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OMG what have I done to my carb??

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So I’ve already rebuilt the carb myself as part of full engine rebuild and that went great.

 

I guess I couldn’t leave well enough alone.

 

Jetting proved to be too rich after breakin, so I innocently took the throttlebody assembly out, removed the needle jet, and moved the clip position one position higher in atrempt to lean things out a bit.

 

Then I put it back together just as I had taken it apart. It was a very simple operation.

 

So when I went to turn the gas on for the first time, it’s spewing gasoline out at a high rate out of all three of the overflow hoses!!

 

I obviously need to take it apart again, but I honestly have no idea how things could’ve gone so sideways for such a simple change of the needle jet clip position. Looking for a bit of guidance here between now and the time I’ll need to find to take it apart again. Video:

 

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I am guessing your float needle is stuck wide open or perhaps fell out when you disassembled the carb.

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Thanks, but the thing is, all I did was take  off the cap and remove the throttle valve assembly so I could remove the needle and adjust the clip position for one setting leaner. I didn’t do anything inside the carb assembly itself, or touch the float assembly or float valve.

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Thanks --- I'll try that.  Something's clearly stuck open and that's probably it.  I guess these ol' carbs can be sticky/fickle bastards at times.  I'm just in such denial since I had JUST rebuilt the thing with a kit and everything was working so great prior to such a seemingly minor/simple change as I embark down the jetting road.

I also found this post/thread which has several good suggestions/ideas and I'll start with rotating the carb after loosening both sides, drain/remove the float bowl, inspect, check float/needle/valve assembly, do the 'blow through' test as described in that post, and go from there.  https://thumpertalk.com/forums/topic/1262420-keihin-carb-on-200xcw-fuel-goes-directly-to-overflow/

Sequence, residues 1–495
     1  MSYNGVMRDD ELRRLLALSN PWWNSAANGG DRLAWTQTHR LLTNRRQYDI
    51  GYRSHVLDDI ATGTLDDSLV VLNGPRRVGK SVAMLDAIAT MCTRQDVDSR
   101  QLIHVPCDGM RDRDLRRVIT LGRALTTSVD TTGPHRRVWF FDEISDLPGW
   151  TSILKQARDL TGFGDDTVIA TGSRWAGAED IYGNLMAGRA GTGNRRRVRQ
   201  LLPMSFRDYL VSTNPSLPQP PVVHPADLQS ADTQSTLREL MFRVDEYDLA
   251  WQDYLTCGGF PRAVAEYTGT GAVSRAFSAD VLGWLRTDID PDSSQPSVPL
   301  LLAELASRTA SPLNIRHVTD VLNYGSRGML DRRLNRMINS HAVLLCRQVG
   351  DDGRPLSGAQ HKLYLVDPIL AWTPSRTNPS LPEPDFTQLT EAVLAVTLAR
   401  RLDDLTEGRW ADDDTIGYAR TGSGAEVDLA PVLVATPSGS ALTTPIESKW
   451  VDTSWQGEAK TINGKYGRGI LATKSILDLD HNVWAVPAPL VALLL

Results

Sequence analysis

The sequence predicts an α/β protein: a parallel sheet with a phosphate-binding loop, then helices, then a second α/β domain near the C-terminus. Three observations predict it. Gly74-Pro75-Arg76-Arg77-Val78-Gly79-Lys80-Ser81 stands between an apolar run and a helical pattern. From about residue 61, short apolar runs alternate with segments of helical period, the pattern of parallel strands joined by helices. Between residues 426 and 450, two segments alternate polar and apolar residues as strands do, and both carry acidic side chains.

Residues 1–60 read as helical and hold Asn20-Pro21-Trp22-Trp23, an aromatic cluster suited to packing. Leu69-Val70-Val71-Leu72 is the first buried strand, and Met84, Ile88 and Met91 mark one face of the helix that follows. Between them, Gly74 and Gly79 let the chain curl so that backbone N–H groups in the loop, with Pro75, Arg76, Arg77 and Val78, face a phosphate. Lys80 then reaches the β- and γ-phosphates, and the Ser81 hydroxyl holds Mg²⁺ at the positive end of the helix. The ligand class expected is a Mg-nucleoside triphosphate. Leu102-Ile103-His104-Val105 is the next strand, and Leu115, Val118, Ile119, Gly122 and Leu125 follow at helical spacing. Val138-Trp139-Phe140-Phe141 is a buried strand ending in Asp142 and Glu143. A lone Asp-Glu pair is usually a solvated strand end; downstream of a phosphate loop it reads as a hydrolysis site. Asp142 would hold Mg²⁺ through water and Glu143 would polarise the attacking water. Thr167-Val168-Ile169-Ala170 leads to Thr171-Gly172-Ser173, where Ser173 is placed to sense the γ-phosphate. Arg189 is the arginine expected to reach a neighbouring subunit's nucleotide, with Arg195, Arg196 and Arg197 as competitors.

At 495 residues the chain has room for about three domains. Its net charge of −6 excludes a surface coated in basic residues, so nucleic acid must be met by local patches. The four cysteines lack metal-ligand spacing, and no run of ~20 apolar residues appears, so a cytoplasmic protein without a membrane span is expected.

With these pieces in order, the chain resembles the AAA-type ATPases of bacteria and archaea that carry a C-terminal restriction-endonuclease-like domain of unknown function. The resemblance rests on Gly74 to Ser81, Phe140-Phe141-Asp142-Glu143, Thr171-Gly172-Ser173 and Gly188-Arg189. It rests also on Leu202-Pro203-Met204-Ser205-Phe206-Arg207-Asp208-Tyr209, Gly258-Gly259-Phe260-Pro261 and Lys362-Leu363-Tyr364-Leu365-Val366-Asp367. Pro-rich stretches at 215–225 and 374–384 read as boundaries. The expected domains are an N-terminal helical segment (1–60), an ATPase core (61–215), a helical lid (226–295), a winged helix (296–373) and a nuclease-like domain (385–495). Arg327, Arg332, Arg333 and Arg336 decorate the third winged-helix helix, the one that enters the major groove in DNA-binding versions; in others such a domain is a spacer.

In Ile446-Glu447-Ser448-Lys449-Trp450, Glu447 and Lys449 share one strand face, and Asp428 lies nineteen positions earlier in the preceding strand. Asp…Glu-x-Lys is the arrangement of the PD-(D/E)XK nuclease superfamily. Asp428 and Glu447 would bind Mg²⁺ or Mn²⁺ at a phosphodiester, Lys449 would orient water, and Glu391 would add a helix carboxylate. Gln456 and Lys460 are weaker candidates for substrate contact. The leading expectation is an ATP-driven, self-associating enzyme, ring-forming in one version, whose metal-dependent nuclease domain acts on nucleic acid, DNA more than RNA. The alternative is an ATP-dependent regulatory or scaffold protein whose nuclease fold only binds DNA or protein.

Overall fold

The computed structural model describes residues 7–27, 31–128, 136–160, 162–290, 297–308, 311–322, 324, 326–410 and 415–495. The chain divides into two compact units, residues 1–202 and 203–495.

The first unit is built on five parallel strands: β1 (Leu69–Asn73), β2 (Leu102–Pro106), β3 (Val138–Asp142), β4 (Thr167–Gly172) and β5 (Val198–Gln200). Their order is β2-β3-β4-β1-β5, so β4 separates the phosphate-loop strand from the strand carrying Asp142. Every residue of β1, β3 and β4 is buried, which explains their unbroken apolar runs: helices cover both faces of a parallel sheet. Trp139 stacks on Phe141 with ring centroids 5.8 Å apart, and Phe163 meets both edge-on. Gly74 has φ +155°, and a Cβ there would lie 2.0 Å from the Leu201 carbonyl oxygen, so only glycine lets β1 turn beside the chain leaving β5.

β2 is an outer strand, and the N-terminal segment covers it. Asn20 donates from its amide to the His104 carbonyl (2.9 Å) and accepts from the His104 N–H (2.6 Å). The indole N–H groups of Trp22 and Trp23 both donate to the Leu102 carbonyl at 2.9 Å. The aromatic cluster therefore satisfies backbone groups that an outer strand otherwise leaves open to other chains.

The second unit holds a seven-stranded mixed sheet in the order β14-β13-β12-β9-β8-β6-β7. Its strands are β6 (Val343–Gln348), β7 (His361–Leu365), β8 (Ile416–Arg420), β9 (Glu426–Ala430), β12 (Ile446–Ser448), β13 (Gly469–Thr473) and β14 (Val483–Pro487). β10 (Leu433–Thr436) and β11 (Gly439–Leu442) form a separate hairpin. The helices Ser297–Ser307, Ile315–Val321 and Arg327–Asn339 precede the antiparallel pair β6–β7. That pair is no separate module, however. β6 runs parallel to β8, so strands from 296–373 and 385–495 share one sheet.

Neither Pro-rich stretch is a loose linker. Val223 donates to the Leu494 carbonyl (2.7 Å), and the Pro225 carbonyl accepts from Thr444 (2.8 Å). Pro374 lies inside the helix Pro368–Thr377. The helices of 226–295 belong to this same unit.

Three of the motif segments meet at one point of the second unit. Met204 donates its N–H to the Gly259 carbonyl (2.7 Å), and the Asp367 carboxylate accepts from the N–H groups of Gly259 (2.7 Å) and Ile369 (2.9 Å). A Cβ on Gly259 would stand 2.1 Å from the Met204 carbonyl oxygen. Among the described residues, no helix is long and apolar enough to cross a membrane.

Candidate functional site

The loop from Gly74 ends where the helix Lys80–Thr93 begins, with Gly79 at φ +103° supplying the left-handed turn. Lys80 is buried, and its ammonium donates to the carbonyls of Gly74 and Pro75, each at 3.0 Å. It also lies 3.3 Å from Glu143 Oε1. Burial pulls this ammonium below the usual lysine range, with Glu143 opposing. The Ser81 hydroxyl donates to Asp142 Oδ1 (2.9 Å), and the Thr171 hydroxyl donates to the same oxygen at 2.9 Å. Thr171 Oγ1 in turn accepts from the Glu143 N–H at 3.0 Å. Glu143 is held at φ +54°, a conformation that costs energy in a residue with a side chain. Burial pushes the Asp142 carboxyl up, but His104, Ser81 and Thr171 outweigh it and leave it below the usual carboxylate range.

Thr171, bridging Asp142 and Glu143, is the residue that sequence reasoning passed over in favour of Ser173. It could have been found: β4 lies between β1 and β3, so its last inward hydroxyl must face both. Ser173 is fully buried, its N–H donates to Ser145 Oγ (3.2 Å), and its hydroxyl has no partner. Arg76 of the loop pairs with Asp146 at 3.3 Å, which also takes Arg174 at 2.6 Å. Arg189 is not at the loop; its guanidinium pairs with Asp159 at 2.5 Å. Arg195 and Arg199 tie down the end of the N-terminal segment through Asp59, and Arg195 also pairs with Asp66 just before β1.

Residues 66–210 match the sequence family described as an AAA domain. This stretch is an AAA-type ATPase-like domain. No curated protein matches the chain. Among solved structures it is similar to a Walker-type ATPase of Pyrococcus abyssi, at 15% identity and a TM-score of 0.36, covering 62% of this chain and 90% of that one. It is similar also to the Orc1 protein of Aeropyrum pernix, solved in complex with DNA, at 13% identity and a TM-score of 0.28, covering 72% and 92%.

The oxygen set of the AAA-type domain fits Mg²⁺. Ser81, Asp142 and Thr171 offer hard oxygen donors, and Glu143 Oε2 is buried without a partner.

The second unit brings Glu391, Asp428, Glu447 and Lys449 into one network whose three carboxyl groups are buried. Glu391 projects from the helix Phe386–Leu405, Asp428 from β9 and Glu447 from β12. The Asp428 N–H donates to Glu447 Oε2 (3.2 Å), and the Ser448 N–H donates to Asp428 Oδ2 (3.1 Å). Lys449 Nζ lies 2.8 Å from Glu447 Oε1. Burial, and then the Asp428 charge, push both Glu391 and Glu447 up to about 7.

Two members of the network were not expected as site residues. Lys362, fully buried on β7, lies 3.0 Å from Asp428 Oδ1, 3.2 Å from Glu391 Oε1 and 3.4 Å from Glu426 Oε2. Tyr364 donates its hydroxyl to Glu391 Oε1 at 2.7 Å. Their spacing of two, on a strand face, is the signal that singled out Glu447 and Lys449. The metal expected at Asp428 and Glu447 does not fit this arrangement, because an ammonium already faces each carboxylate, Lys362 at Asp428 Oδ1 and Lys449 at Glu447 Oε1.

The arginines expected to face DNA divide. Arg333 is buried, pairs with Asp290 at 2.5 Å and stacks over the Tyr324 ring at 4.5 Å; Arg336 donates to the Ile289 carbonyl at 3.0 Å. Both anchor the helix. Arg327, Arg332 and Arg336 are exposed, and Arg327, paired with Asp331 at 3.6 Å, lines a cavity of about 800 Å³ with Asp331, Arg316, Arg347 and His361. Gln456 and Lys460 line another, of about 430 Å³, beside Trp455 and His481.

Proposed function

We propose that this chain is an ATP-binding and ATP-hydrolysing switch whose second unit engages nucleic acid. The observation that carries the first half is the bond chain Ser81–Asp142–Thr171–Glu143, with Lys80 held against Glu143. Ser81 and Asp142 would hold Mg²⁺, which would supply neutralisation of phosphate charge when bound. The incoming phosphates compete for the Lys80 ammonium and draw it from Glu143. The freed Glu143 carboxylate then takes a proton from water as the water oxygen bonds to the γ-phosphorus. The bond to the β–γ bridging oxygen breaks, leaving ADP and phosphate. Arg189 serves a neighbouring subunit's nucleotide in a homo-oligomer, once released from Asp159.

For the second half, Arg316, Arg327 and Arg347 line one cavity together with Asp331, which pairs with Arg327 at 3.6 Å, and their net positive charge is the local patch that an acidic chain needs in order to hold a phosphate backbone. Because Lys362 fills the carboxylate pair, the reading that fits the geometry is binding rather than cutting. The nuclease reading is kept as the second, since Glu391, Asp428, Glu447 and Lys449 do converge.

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2 hours ago, Dcummins69 said:

It’s stuck open, try taping on side of carb or pull float bowl off again.

Yes, that usually works for me too, no need to dismantle anything

 

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OK thanks everybody. So in the end it had to be a stuck float valve, that somehow managed to get into the stuck position merely by my taking the carb out, moving cap and throttle valve assembly so I could move the needle clip position up one notch as a first effort to remediate a rich jetting condition.

One test that I found pretty cool/valuable was to blow into the fuel line while the carb was right side up and expect air to blow through fine, which it does normally. Then when you flip the carburetor upside down, you should not be able to blow air through. If you can, that equates to a problem with the float mechanism.

I couldn’t, so I reattached the gas tank / line with the carburetor right side up, slowly turned on the gas, and... not a drop. Hooray.

Lesson learned, that whenever I muck with the carb these things can be kind of fickle as regards the float mechanism overall, so best to perform that test whenever pulling the carb for any reason, and/or try rapping on the bottom of the carburetor next time if it’s stuck to the point where that overflow condition exists.

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I actually do that “blow test” every time I rebuild a carb before reinstalling it. Has saved me from having a pull the carb back off many times.

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